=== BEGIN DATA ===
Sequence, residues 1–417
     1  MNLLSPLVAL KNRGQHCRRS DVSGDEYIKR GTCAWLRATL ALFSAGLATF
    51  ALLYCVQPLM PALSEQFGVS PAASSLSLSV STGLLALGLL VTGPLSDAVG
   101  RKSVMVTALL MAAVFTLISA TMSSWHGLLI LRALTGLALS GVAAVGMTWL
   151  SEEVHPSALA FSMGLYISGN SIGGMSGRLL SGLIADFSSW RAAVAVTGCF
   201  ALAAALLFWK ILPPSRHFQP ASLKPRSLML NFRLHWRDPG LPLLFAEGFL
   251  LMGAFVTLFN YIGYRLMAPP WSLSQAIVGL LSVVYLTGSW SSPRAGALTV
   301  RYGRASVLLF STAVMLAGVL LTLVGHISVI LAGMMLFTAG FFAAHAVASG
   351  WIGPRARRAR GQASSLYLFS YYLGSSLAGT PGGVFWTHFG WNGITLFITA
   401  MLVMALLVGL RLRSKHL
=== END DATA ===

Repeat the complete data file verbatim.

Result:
Sequence, residues 1–417
     1  MNLLSPLVAL KNRGQHCRRS DVSGDEYIKR GTCAWLRATL ALFSAGLATF
    51  ALLYCVQPLM PALSEQFGVS PAASSLSLSV STGLLALGLL VTGPLSDAVG
   101  RKSVMVTALL MAAVFTLISA TMSSWHGLLI LRALTGLALS GVAAVGMTWL
   151  SEEVHPSALA FSMGLYISGN SIGGMSGRLL SGLIADFSSW RAAVAVTGCF
   201  ALAAALLFWK ILPPSRHFQP ASLKPRSLML NFRLHWRDPG LPLLFAEGFL
   251  LMGAFVTLFN YIGYRLMAPP WSLSQAIVGL LSVVYLTGSW SSPRAGALTV
   301  RYGRASVLLF STAVMLAGVL LTLVGHISVI LAGMMLFTAG FFAAHAVASG
   351  WIGPRARRAR GQASSLYLFS YYLGSSLAGT PGGVFWTHFG WNGITLFITA
   401  MLVMALLVGL RLRSKHL